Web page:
The Locusts of Beijing

They covered the face of the whole land, so that the land was darkened, and they ate all the plants in the land and all the fruit of the trees that the hail had left. Not a green thing remained, neither tree nor plant of the field, through all the land of Egypt. ~ Exodus 10:15

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Sadly, a purely blue sky is rare in Beijing. Most skies are tinted gray…

Most of us know the story of the locusts that swarmed through the land of Egypt. It was one of the ten deadly plagues that had hit Egypt according to the book of Exodus.

It was a dark cloudy day in Beijing, and just like the locusts did in Egypt, pollution did to Beijing. It blacks out the sun, suffocates the lungs, scorches the eye and continues to defile the body. Yes, the pollution in Beijing is a bodily threat and a force that cannot be contained.

How do I handle daily life while breathing this air?

  1. To buy or not to buy, a mask. Many people wear face masks, some with filters and others without. Some even wear scarves or ski masks. Personally, I do not wear masks with filters but I do wear the foam masks. Some of the most famous masks that are reputable are Vogmask, Cambridge mask, Breathe Easy, and 3M masks. I suggest ordering masks before moving to China because it can be hard to find quality masks online, or in stores.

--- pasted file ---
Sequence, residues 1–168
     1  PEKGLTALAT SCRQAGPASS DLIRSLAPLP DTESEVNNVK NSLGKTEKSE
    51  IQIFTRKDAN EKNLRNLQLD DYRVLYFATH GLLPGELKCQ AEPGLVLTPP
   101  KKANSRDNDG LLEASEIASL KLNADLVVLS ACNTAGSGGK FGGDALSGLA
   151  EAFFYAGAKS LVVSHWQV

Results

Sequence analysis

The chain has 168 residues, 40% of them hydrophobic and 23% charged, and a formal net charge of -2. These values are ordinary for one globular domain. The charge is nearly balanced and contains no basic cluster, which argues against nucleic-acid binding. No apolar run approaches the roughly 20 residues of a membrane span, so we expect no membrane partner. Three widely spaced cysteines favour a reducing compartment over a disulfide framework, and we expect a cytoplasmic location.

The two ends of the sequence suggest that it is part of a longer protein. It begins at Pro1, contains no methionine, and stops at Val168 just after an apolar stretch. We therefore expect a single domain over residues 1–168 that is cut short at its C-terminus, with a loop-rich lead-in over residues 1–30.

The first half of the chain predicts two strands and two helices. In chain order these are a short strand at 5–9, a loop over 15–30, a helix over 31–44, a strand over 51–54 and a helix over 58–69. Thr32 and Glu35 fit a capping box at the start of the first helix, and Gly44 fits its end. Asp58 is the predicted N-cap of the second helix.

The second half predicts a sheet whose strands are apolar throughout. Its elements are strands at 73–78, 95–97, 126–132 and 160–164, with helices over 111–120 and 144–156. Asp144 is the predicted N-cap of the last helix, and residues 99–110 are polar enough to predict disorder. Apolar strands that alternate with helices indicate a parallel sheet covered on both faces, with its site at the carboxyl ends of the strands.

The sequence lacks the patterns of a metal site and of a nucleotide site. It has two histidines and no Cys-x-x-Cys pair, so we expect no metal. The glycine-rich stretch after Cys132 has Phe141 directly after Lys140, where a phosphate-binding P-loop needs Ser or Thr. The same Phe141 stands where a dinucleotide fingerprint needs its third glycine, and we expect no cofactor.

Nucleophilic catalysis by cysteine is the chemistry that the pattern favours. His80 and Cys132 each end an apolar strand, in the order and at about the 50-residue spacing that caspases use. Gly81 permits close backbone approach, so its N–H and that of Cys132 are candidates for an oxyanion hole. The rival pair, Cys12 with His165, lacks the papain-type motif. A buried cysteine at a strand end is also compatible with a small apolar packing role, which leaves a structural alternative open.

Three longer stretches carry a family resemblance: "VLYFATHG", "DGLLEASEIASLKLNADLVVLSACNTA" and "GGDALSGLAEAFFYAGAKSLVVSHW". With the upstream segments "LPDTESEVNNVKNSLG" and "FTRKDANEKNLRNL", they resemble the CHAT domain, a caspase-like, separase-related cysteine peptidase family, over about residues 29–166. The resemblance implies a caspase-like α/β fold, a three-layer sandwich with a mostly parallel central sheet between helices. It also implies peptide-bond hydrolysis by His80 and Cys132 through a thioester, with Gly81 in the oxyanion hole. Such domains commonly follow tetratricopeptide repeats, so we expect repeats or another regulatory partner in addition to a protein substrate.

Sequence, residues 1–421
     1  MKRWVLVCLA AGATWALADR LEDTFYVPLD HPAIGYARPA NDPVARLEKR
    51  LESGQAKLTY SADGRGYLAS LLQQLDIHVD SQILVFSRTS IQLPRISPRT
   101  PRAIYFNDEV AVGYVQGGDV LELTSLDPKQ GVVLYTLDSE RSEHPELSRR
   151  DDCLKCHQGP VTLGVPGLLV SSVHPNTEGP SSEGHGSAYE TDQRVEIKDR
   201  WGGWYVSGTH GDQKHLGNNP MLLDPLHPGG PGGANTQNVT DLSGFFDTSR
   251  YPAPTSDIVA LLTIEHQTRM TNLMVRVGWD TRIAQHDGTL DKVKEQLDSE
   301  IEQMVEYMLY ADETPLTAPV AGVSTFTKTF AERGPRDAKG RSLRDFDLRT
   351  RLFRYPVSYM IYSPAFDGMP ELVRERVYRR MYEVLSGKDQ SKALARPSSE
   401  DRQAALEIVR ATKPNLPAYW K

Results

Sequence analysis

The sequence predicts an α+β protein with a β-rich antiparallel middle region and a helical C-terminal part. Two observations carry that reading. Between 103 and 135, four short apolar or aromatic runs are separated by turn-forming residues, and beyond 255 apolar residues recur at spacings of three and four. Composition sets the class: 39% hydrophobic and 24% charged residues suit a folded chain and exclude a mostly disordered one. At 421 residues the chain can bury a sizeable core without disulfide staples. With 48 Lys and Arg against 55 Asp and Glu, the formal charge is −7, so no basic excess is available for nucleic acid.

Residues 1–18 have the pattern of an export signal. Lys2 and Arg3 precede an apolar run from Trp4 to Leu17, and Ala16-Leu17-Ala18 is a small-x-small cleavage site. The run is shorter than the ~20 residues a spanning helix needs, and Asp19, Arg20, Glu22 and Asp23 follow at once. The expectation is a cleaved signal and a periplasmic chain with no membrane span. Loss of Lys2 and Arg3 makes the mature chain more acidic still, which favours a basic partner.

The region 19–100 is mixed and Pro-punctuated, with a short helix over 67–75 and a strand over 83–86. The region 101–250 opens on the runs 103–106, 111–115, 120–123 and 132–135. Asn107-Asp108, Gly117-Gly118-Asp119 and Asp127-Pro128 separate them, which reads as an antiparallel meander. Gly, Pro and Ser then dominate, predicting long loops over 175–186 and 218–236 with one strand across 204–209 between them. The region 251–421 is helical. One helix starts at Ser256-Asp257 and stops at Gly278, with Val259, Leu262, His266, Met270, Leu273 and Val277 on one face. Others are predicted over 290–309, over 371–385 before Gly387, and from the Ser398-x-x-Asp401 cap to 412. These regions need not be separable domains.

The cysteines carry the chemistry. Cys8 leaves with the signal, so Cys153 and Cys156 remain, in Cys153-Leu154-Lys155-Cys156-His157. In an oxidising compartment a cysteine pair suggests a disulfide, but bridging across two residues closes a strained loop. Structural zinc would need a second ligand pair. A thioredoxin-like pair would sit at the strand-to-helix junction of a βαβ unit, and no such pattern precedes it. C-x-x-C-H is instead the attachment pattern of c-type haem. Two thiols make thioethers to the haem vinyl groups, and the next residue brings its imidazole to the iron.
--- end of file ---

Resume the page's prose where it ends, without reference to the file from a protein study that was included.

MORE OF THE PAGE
2. Air purifiers and humidifiers. Beijing is extremely dry and cold in the fall and winter which makes pollution even worse sometimes. Humidifiers will help you to breath and sleep at night. For those with asthma or other breathing problems you might want to buy an air purifier from Taobao. I have a friend here who is from the rural region of Germany, and he desperately needed an air purifier to sleep, and continues to wear a mask to sleep during the night. Another friend from a small town in Iowa has horrible reactions to the air, her eyes swell, burn, and turn red. In fact, she had to leave Beijing early because of her health.

Additionally, the pollution leads to a generally dirty living space. Over the days, dust, particles, and debris make their way into the living spaces through windows, under doors, shoes and even clothes. Normally one would sweep the floors one to two times a week. But here in Beijing, I regularly sweep the floors to avoid the build-up of pollution.

I believe the worst parts of living in Beijing is the pollution. Sometimes after a long day outside and sight seeing I felt a strong pull in my chest, loss of breath, and the need to limit movement. It’s a harsh reality of living in a still developing country.

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